Today's agenda: Missing Air France jet, GM bankruptcy, Israeli buffer zone

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These are the stories we will be covering today:

• We are following the story of the missing Air France flight. We have reports through the day from Andrew Downie in Brazil and Bob Marquand in Paris. Alexandra Marks, who covers aviation from New York, is exploring this question: How in an age when a satellite can see the numbers on your front door and tracking devices can find your dog, can a jumbo jet full of almost 300 people simple disappear into thin air?

Mark Trumbull is covering the GM bankruptcy. First, he has looked at what lessons the bankruptcy of an icon of American industrial brawn, holds for the whole US economy. Later in the day, he assesses the place of auto jobs in the US economy, and what fewer of them will mean. In addition, Mark Guarino in Michigan reports from communities facing further GM plant closings and can't help but be woebegone – even though many were expecting the worst.

Recommended: Israel's coalition government: Israeli and Arab media react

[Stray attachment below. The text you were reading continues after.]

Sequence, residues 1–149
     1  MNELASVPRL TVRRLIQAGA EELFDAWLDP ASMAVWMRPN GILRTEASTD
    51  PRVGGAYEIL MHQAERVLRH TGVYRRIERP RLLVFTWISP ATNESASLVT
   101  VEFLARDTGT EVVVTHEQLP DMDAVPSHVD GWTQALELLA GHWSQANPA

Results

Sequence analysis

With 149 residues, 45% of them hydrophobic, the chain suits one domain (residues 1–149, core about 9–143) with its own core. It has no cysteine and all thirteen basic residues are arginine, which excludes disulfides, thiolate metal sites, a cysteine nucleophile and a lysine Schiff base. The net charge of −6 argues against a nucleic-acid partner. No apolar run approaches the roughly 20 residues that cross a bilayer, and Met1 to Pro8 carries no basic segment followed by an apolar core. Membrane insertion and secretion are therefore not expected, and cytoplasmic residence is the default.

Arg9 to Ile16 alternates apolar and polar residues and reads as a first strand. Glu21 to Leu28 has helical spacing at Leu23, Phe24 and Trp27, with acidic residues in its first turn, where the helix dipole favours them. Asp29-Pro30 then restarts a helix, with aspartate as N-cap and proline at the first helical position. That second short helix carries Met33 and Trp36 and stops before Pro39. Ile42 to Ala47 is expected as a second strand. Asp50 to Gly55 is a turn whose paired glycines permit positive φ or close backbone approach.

Gail Chaddock in Washington reports that some conservative activists are trying to seize the initiative on Sonia Sotomayor's nomination to the Supreme court away from the so-called flamethrowers. Even if they don't stop her nomination, they intend to use the battle as an occasion to build a renewed conservative movement.

• It's now six months and counting down as countries prepare to meet in Copenhagen to approve an agreement to replace the 1997 Kyoto protocol on the climate. Pete Spotts reports that negotiators meeting in Bonn finally have a very rough draft of treaty text to work with. The US is back in the game and playing a more active role, but with global warming goals far less ambitious than many countries would like.

Laurent Belsie will post on new economic data in his New Economy blog. Personal incomes are up, savings are up, and new construction spending is better than expected.

In world news ...

• The Israeli Knesset is apparently in the process of deciding that Jordan should be the official Palestinian homeland. Tom Peter is Amman finds that the Jordanians are none too pleased.

Erin Cunningham in Gaza reports that Israel's broadening of its buffer zone in Gaza is taking up 30 percent of the strip's arable land.

Daud Khattak in Pakistan's camps for Swat Valley refugees finds that the people there support the government offensive against the Taliban, but they are losing patience.

• Mexican lawmakers are to vote on cracking down on child workers, pulling them into social services. Sara Miller Llana in Mexico City looks at various views on how this will really work.

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